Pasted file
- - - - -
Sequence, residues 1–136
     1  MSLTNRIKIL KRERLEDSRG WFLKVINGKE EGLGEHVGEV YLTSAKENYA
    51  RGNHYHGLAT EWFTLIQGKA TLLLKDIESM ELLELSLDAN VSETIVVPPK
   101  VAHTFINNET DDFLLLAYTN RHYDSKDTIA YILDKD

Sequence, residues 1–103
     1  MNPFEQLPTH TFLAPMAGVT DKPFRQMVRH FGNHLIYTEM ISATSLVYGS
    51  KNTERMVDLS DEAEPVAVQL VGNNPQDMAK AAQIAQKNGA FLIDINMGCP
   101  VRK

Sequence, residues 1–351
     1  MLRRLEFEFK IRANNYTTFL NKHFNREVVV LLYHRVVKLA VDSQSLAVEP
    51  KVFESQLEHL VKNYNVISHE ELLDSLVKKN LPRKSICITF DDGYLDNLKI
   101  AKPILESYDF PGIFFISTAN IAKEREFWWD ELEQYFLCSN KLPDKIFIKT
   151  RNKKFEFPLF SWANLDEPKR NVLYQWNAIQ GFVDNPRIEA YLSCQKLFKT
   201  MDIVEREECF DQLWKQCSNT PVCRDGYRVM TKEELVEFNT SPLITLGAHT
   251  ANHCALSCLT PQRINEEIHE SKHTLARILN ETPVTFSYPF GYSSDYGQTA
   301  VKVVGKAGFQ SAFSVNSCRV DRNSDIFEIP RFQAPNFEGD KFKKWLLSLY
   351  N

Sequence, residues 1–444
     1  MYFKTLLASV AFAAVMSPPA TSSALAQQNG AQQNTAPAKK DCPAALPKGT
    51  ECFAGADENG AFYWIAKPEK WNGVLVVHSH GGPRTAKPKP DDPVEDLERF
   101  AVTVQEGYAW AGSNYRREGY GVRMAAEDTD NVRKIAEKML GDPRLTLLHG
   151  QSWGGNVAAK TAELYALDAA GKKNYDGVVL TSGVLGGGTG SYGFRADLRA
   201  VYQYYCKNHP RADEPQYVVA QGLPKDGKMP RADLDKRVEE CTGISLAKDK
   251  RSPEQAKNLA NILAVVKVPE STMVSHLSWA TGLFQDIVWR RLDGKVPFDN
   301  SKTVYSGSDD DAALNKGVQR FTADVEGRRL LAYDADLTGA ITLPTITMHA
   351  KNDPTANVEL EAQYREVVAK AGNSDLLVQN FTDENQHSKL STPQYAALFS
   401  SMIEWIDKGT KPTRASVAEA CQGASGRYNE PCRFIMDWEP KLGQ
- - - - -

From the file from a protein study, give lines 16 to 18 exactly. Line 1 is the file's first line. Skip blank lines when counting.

   301  VKVVGKAGFQ SAFSVNSCRV DRNSDIFEIP RFQAPNFEGD KFKKWLLSLY
   351  N

Sequence, residues 1–444